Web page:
Making sense of science

Newsletter June 2019

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This month in science (June 2019)
digital article
Multiplication Reinvented
Mathematics Two researchers have developed a new method for multiplying very large numbers. A potentially historic advance for computer science.
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matter society article
Notre Dame: Research Steps In
Heritage Since the fire that ravaged Notre Dame Cathedral on 15 April, many scientists have volunteered their expertise to aid in its restoration. We talked to Philippe Dillmann and Martine Regert, leaders of a CNRS task force in charge of coordinating the various research efforts and compiling the available data.
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society video
Searching for Africa's Earliest Painters
Archaeology There are thousands of cave art sites nested in Zimbabwe's Matobo Hills. A team of archaeologists and cave art specialists have teamed up to try to understand these mysterious paintings.
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Also this month
matter article
Computers: Promises of the Quantum Dawn
Computer science Long a simple physicist's idea, the quantum computer, which promises to revolutionise computing, is increasingly becoming a tangible reality. The first machines able to surpass traditional computers should appear in a few years.
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society billet
The Framework of Notre-Dame: Putting an End to Stereotypes
Archaeology Frédéric Épaud, a specialist on medieval frameworks, discusses the falsehoods that circulated after the fire that ravaged Notre-Dame on April 15.
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life article
Decoding the Brain's Internal Language
Neuroscience Providing an overview of our knowledge of the brain and its illnesses, and describing some of the major challenges for neurosciences over the next twenty years, are the twin ambitions of the collective book Le Cerveau en lumières (Shedding Light on the Brain). An interview with Etienne Hirsch and...
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matter article
Sweet Eco-friendly Materials
Chemistry Whether they come from plants or animals, sugars are increasingly replacing petroleum-derived products—a success they owe to their striking properties. CNRS News takes a closer look at these surprising materials.
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society video
Little Foot's Brain
Paleoanthropology Discovered in the 1990s, Little Foot is the most complete skeleton of an Australopithecus ever unearthed. Research continues on this exceptional fossil as scientists reveal details about her cognitive abilities using a micro-tomographic scanner.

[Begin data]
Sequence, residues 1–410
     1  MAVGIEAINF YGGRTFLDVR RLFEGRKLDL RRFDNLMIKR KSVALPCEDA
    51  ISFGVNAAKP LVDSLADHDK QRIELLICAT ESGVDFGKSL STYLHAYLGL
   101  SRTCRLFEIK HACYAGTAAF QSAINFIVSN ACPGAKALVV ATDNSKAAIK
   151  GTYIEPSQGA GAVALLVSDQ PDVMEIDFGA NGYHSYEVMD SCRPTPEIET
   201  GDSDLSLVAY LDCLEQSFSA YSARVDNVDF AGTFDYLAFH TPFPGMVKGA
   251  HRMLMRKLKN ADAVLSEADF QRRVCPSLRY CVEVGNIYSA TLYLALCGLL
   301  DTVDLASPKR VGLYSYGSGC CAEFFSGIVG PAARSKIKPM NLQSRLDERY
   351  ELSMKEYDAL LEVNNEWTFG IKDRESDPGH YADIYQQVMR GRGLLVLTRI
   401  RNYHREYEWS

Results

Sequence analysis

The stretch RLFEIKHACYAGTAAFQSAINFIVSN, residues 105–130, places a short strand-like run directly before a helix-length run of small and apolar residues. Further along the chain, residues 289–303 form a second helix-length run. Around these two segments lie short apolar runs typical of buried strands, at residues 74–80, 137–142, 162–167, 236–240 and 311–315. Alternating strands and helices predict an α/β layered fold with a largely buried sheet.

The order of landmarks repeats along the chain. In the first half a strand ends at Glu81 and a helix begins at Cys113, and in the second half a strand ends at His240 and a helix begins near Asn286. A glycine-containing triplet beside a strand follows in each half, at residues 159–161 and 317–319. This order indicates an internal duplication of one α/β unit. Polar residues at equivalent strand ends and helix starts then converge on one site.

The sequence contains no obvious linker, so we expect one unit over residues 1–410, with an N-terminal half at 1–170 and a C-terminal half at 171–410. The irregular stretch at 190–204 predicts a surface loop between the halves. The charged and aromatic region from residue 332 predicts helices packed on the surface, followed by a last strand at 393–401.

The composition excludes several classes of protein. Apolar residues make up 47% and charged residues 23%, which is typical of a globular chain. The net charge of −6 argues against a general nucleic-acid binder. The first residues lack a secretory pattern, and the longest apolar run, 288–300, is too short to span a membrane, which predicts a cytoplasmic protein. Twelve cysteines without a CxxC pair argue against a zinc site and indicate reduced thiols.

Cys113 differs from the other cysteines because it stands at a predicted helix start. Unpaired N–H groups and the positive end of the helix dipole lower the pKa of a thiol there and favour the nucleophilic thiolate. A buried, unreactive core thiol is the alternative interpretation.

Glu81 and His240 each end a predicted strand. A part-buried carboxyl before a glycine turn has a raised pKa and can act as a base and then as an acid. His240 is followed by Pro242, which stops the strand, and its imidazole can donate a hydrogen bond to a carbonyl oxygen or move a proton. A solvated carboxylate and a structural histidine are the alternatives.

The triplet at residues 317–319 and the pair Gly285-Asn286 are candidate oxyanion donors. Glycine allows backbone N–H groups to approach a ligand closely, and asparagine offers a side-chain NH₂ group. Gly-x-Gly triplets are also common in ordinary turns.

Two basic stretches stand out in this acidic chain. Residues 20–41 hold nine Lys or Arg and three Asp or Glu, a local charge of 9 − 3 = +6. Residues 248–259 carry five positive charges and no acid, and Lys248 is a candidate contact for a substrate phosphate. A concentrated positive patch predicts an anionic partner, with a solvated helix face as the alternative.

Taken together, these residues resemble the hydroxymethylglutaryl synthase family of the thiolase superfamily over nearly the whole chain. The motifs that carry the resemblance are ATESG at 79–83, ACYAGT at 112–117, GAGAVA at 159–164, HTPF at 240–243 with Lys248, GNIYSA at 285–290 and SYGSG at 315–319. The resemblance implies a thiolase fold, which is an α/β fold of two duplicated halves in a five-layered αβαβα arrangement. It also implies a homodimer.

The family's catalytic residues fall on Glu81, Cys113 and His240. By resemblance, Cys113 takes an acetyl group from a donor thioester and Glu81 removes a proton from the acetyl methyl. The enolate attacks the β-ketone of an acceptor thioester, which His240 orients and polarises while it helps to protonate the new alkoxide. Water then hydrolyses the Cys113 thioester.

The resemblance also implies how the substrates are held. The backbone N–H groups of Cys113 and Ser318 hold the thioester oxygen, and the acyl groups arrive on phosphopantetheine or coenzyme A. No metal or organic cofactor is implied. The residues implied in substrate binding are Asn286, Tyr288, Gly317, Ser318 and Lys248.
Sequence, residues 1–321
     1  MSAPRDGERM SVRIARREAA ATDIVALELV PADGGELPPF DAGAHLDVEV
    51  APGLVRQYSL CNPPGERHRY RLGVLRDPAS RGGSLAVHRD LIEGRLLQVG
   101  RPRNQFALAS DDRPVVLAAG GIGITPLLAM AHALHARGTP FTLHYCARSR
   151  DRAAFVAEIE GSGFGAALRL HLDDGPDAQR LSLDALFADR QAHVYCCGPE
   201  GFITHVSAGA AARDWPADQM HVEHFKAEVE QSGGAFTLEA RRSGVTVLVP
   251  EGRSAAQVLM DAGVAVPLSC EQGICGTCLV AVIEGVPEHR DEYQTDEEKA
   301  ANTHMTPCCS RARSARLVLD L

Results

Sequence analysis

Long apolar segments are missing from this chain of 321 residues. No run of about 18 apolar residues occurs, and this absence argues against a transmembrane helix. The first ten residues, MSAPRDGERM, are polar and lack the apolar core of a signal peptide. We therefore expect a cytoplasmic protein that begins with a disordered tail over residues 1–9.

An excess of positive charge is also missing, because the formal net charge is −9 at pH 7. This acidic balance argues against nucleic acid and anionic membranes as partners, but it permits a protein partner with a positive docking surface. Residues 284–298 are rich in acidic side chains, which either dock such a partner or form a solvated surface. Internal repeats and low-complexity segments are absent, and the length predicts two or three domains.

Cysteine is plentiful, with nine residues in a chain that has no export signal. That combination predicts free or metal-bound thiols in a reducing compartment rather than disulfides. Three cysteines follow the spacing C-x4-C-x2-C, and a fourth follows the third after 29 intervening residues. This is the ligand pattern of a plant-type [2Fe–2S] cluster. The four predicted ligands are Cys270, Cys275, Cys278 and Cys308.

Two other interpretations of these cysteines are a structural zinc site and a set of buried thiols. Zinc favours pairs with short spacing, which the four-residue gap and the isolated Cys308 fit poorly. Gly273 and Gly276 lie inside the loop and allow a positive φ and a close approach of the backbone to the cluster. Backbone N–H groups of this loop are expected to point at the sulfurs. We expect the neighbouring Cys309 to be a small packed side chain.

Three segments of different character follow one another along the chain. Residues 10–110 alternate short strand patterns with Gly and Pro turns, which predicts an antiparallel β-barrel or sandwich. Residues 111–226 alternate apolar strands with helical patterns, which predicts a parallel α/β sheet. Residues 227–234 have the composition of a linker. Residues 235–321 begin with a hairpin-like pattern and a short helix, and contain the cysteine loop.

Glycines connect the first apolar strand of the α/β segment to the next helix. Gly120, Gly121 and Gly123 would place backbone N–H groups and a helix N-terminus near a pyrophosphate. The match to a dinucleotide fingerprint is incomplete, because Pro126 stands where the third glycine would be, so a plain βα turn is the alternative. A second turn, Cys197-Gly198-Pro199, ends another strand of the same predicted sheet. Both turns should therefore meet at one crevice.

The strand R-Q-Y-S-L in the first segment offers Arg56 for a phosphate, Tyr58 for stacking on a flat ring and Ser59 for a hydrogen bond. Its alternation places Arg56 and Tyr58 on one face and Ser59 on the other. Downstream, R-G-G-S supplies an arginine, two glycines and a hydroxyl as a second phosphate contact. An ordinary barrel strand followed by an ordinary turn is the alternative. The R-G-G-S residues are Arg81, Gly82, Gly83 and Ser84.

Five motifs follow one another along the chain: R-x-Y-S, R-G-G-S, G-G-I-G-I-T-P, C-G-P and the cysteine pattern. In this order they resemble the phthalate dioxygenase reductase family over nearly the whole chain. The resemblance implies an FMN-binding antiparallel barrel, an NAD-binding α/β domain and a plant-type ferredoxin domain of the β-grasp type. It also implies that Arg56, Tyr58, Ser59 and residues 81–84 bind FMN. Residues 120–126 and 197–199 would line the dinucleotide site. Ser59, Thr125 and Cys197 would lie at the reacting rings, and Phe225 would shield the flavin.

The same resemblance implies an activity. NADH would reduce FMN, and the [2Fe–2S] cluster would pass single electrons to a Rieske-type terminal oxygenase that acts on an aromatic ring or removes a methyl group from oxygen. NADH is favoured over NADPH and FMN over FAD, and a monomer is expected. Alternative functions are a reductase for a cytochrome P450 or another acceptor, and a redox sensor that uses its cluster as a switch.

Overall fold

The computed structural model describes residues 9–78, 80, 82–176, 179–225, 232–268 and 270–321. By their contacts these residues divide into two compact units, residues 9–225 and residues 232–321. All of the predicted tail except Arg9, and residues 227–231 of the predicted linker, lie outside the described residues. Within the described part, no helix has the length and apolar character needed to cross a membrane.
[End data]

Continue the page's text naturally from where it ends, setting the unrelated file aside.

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matter billet
Rare Earths, and Afterwards?
Chemistry For reasons that actually have little to do with their abundance, the problems linked to the supply of what are known as "rare" earths could slow the environmental transition. Chemistry can offer some solutions, as the specialist Michel Latroche explains.
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society article
France in 2019: More Critical, More Altruistic
Sociology Since 1981, the surveys conducted every ten years by the European Values Study programme have assessed the values and beliefs of Europe’s citizens. To mark the launch of the book La France des Valeurs, a look at the latest trends in France.
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life article
Where the CNRS Was Born
Biology In 1927, the physicist Jean Perrin founded the Institute of Physico-Chemical Biology (IBPC), a multidisciplinary centre where scientists could dedicate themselves to their research full time. The first institution of its kind in France, it paved the way for the creation of the CNRS.
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And the latest from the CNRS
Press Releases
Organic farming enhances honeybee colony performance
Singapore: the CNRS opens CNRS@CREATE, its first overseas subsidiary
Toward a low-cost industrialisation of lithium-ion capacitors
Saturn’s moon Mimas, a snowplough in the planet’s rings
A family of comets reopens the debate about the origin of Earth’s water
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